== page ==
Entertainment & Arts

Making a Christmas special 'special'

The Royle Family : Christmas Special 1999
Image caption The Royle Family had that key "homely" feel to it at the time of year when families get together

Christmas comes but once a year. That's a huge relief if your festive episode is expected to be one of the year's biggest TV highlights.

"Eric Morecambe and Eddie Braben [Eric and Ernie's principal writer] used to tell me that they started thinking about the Christmas shows in January," recalls Barry Cryer, who wrote on Christmas specials for both Morecambe and Wise and The Two Ronnies.

"But every time they created a great Christmas show, they'd create stress for themselves.

"'How do we top that?' They became obsessed with competing against themselves year after year."

So what makes a truly memorable Christmas special? Some of those responsible for past festive hits talk about the benefits of including a few key themes.

1) It doesn't have to be about Christmas

Eric Morecambe, for many viewers the most familiar face on TV, had a strategy for preparing his now legendary Christmas Day specials with Ernie Wise.

Image caption Morecambe and Wise steered clear of obvious Christmas pointers such as trees and decorations

"He told me he didn't want a tree, Santa Claus, reindeer - none of those," recalls Cryer "because he wanted money for the repeats. He had a point - the show was shown again the following Easter."

Many of Only Fools and Horses' memorable 25 December outings were based on non-festive storylines.

"There is a big difference between an episode which happens to be set at Christmas and a Christmas special," argues Laurence Marks, of Marks and Gran, creators of Birds of a Feather.

"In 1990, our episode Falling In Love Again was set in Berlin, was 90 minutes long and broadcast on the 25th. That made it a Christmas special - even though the subject matter wasn't remotely Christmassy."

2) At Christmas, the episodes can be longer...

Most episodes of Father Ted, Porridge, Just Good Friends, Birds of a Feather, The Royle Family, The Office and Gavin and Stacey lasted half an hour - except the ones made for the seasonal schedule.

"A longer show gives you more time to tell a different story," reasons Dick Clement, who created three festive extended programmes (two of Porridge and Whatever Happened to the Likely Lads?), with Ian LaFrenais. "The budget may well be bigger too.

"When someone asks, 'Would you like to do a Christmas special?', our question is always, 'How long would you like the episode to be?' If it's the regular length, that's not special," argues Laurence Marks. "That makes a difference. It gives you a chance to see your favourite characters in a film."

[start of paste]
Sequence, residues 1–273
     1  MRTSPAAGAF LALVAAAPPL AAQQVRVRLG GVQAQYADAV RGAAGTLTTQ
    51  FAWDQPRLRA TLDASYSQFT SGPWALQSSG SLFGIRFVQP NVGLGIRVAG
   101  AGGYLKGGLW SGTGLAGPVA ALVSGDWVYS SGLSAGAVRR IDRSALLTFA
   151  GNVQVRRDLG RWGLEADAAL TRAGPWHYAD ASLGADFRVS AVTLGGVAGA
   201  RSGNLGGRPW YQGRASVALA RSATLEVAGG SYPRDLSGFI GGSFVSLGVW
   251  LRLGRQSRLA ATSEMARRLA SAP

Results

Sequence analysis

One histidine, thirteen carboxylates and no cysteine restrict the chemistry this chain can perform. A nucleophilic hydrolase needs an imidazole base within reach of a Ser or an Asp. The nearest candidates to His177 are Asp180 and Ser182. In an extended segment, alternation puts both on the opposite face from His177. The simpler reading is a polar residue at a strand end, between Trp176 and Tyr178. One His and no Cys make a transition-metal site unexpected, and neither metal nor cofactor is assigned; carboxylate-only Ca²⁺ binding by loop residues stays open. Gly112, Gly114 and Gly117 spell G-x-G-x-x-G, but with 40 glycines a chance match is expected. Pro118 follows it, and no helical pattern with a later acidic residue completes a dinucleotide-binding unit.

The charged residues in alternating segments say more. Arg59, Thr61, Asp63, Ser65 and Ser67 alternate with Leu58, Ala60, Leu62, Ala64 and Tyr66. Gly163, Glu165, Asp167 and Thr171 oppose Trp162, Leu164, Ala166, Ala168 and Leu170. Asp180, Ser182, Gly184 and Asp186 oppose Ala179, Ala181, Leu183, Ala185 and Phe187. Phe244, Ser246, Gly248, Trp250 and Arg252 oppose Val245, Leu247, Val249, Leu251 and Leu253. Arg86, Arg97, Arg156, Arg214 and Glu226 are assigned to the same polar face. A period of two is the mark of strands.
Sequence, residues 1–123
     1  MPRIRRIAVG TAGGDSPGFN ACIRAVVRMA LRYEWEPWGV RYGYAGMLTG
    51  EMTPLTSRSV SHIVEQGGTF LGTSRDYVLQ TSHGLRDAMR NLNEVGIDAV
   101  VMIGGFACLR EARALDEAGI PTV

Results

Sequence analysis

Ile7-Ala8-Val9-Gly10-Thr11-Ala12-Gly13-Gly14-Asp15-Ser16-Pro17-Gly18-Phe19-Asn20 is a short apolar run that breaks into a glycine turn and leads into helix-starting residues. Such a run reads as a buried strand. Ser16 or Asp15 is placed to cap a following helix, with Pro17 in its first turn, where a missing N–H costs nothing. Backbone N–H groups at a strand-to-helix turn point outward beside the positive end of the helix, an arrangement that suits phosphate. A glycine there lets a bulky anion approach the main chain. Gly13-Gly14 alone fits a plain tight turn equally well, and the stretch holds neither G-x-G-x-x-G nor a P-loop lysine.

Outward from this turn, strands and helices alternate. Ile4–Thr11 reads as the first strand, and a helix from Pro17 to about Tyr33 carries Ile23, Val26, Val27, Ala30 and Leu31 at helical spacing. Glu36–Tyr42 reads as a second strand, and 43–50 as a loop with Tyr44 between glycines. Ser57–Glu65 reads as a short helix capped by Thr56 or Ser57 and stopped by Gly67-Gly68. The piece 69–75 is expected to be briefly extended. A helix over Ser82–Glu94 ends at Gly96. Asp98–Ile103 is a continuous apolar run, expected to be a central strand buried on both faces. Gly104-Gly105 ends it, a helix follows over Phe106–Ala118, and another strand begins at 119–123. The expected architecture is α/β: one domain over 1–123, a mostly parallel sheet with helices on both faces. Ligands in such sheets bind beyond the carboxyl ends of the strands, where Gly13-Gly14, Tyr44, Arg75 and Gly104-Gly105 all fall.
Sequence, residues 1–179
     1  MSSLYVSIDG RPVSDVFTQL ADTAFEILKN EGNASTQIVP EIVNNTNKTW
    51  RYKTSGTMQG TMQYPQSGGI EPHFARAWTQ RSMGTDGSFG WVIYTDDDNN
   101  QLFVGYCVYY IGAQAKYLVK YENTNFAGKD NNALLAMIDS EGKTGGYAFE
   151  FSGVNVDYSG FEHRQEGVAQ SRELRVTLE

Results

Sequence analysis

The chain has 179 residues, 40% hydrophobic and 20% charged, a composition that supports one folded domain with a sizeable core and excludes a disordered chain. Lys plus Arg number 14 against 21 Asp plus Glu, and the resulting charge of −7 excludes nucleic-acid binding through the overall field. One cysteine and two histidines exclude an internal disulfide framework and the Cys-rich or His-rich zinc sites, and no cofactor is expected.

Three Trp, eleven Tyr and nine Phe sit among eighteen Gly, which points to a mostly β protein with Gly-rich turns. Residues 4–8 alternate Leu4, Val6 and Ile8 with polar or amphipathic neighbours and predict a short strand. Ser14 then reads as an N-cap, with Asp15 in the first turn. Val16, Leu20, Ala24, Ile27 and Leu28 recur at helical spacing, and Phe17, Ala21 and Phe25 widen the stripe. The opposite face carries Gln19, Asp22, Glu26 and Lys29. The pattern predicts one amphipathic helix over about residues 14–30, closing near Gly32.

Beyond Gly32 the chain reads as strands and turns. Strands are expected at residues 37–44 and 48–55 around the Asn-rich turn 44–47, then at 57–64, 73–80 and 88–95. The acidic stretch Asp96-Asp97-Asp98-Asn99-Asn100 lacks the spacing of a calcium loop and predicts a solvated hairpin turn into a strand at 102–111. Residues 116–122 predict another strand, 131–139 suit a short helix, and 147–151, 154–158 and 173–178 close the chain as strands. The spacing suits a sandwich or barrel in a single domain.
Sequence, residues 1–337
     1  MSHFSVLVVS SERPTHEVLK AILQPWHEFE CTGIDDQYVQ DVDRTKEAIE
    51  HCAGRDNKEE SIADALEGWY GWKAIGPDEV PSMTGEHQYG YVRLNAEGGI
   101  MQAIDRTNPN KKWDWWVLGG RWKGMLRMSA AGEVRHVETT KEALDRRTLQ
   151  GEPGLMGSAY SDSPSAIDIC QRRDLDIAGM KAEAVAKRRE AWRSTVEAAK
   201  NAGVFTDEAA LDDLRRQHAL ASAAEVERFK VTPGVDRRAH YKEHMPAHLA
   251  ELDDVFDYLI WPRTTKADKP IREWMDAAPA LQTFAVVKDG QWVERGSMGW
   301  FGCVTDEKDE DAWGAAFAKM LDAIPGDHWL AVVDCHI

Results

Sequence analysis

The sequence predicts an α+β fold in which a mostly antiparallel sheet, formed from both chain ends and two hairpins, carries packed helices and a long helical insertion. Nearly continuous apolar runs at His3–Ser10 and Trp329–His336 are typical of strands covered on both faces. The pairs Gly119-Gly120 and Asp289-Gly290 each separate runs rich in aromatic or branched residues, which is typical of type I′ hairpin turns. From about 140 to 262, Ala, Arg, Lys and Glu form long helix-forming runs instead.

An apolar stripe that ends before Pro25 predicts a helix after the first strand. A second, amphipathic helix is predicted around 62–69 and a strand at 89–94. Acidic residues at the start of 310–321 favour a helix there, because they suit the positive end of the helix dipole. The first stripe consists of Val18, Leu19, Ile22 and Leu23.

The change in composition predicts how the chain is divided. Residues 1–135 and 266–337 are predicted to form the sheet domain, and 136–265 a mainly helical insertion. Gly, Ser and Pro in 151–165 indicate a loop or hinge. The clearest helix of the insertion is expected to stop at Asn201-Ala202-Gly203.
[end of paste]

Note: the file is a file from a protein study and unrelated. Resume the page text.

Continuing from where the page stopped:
3) ...but not too long

Graham Linehan, the co-creator of Father Ted with Arthur Mathews, agrees with the old adage about the soul of wit. "I'm a big fan of brevity. I check the running time of a movie these days before I go to see it. If a comedy's over two hours, forget about it."

Linehan has admitted to "ranting in the DVD commentary" about the 60-minute festive episode, although he's now reconciled to it. "We were unused to writing anything over half an hour.

Image caption Only Fools and Horses ran Christmas specials with a distinct capsule story

It turned out to be two episodes bolted together. I see now that the quality of the individual jokes bound it together in a strange way I'm not sure I'd be able to do again."

4) Just like your own home, you expect to recognise the characters

Christmas is a time for family. It's therefore no surprise The Royle Family (a "great favourite" of Ronnie Corbett CBE), Gavin and Stacey and The Office have a recurring cast. "It's like having another couple of friends round for Christmas," says Clement.

It's why Jim Royle and Del Boy's Yuletide exploits are still fondly remembered, but Rowan Atkinson's Ebenezer Blackadder less so.

"Blackadder was a great show but there's a reason the special (1988's Blackadder's Christmas Carol) is not one of the more memorable episodes," suggests Marks. "Those characters were not as well-established."